We all know that water is essential to our survival, and it is the most precious resource we can ever have. But “water in its different forms has always been a source of wonder, curiosity, and practical concern for humans everywhere,” the author Wilfried Brutsaert points out in his Introduction.
Beyond seeing that water comes to us in the form of rain (and snow, sleet, hale, etc.) and fills our reservoirs, have you wondered what happens next, such as on the distribution and transport of water in our natural environment, and into and within our cities and towns? This book provides the answers to these questions.
The goal of this book is to present a coherent introduction to some of the concepts and relationships relating to the flow of water, and “to provide a thorough understanding, and to connect the major paradigms that bear upon the hydrologic cycle, that is the never-ending circulation of water over the continents of the Earth,” the author explains.
As the word ‘introduction’ in the book’s title indicates, this book has been written for students’ use as a textbook for entry-level courses in hydrology, but there is sufficient material that would be of interest to advanced seniors and graduate students in physical science and engineering. It will be of broad interest also to professional engineers and scientists in various fields including hydrology, agronomy, climatology, environmental science, geology, glaciology, meteorology, oceanography, oceanology, and other Earth sciences.
As an overview for you of the contents of this book, we list below the titles of its four Parts and 11 chapters:
- Part I. Water in the Atmosphere
- Water aloft: fluid mechanics of the lower atmosphere
- Part II. Water on the Surface
- Water on the land surface: fluid mechanics of free surface flow
- Overland flow
- Stream flow routing
- Part III. Water below the surface
- Water beneath the ground: fluid mechanics in porous materials
- Infiltration and related unsaturated flows
- Groundwater outflow and base flow
- Part IV. Flows at the catchment scale in response to precipitation
- Stream flow generation: mechanisms and pararmeterization
- Stream flow response at the catchment scale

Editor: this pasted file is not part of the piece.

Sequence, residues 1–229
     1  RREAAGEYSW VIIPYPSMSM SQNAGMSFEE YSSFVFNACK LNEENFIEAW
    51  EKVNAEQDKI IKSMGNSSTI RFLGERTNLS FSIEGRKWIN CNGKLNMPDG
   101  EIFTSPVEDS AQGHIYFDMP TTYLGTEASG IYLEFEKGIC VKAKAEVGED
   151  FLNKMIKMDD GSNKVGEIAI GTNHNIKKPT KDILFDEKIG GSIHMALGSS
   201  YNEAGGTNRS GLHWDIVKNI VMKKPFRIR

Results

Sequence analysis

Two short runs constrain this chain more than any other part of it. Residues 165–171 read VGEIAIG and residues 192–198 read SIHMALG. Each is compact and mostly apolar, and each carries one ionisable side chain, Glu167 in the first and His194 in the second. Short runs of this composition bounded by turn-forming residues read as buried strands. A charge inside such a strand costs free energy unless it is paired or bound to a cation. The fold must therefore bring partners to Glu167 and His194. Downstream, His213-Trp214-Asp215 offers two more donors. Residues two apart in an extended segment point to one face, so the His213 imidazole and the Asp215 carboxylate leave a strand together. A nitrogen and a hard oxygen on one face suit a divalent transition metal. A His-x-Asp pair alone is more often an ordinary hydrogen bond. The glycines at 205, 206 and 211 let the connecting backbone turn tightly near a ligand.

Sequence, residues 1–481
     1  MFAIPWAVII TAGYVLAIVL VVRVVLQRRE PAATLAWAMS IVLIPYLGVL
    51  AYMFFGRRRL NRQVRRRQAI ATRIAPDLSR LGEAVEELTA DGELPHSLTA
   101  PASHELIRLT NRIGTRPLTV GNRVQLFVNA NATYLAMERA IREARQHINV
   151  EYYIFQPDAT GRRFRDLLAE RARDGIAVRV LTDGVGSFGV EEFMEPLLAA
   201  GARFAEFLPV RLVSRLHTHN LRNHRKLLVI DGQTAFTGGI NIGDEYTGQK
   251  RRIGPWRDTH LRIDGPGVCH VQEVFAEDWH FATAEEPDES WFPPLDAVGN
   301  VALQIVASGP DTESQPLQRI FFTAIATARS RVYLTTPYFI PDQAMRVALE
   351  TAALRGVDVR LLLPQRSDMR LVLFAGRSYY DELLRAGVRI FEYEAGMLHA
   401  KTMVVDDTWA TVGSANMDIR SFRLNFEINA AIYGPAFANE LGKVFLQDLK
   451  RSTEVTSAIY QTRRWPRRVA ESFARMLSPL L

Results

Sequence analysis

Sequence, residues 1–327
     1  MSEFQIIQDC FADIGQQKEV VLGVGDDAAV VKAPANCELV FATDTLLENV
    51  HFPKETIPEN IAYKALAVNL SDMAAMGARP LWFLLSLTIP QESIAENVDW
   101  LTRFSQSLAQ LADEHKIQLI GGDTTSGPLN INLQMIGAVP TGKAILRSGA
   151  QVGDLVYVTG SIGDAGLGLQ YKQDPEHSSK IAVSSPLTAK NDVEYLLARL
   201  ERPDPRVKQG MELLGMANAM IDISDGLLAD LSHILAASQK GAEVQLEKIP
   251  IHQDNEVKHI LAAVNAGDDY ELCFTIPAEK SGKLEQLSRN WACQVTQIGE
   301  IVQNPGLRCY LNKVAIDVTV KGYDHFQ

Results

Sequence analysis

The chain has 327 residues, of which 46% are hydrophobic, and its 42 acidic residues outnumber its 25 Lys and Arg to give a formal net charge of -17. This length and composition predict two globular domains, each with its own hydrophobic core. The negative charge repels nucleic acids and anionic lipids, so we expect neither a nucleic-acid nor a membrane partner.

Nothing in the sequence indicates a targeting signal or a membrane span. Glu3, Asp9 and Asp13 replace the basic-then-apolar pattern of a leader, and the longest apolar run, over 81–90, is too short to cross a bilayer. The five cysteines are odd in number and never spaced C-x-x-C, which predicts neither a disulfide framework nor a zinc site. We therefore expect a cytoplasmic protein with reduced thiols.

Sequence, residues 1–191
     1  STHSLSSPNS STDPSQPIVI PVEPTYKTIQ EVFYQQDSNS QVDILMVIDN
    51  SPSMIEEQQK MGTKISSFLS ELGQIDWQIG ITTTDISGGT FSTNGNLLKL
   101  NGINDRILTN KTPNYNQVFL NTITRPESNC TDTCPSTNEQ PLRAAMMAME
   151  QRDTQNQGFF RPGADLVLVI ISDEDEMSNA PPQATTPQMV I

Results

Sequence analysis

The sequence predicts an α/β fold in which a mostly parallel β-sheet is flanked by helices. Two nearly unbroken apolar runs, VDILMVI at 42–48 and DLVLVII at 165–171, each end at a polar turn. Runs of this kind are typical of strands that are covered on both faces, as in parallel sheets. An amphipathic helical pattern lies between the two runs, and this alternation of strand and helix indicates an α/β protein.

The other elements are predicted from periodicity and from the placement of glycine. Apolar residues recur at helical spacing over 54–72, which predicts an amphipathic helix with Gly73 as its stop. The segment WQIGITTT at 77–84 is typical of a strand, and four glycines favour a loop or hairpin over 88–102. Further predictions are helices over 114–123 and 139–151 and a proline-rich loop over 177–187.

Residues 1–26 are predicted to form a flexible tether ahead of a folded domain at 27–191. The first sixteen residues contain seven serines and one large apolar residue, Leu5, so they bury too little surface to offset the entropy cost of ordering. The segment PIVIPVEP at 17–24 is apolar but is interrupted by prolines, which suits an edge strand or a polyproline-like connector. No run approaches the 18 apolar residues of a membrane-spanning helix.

- Elements of frequency analysis in hydrology
- Afterword – a short historical sketch of theories about the water civilization on Earth
- Appendix: Some useful mathematical concepts
- Differentiation of an integral
- The general response of a linear stationary system
- The general response of a nonlinear system
As you will note above, water is found above, on, and below our land surface, and each chapter describes and shows in detail the flow on the respective level it covers.
The material for this book grew out of lecture notes of the author’s courses on hydrology and related topics in the School of Civil and Environmental Engineering at Cornell University.
The author writes that this book contains much more material than can be ‘reasonably’ covered in a first course. He points out that the text is printed in two different type formats. He explains:
“The main subject matter, which in the experience of the author can be suggested for inclusion in a first course, is printed in regular type. An effort has been made to lay out this part of the text in such a way as the student should be able to grasp the material with little or no reliance on the more advanced sections…”
“Subject matter of a more advanced or specialized nature, is printed as indented type in a slightly smaller type with a grey rule on the left-hand side of the page. This material is intended either as optional or explanatory reading for the first course, or as subject matter to be covered in a second or more advanced course.”
It is then up to the instructor, depending on his or her objective and the understanding level of the students, how to use this book. The two basic options are to use this book for an introductory course in hydrology, or to use it as more than an introductory course, with more advanced concepts found in it.
This is an excellent book on hydrology by an experienced professor with a broad as well as deep level of understanding of this important subject that essentially affects not only our daily lives but also our current and future well-being.
Wilfried Brutsaert is William L. Lewis Professor of Engineering at Cornell University. In a long and prestigious career in the research and teaching of hydrology, Professor Brutsaert has authored more than 170 journal articles, received many awards and honors, and achieved many distinctions, including:
- Hydrology Award and Robert E. Horton Medal, from American Geophysical Union
- President of Hydrology Section of American Geophysical Union, from 1992 to 1994
- Fellow of the American Geophysical Union and American Meteorological Society
- The Ray K. Linsley Award from American Institute of Hydrology
- Walter B. Langbein Lecturer at American Geophysical Union
- International Award from Japan Society of Hydrology and Water Resources
- Jule G. Charney Award from American Meteorological Society
- Member, National Academy of Engineering
- Author of two previous books:
- Evaporation into the Atmosphere: Theory, History, and Applications (D. Reidel Publishing Company, 1982)
- Gas Transfer at Water Surfaces (with H.Jirka, D. Reidel Publishing Company,1984)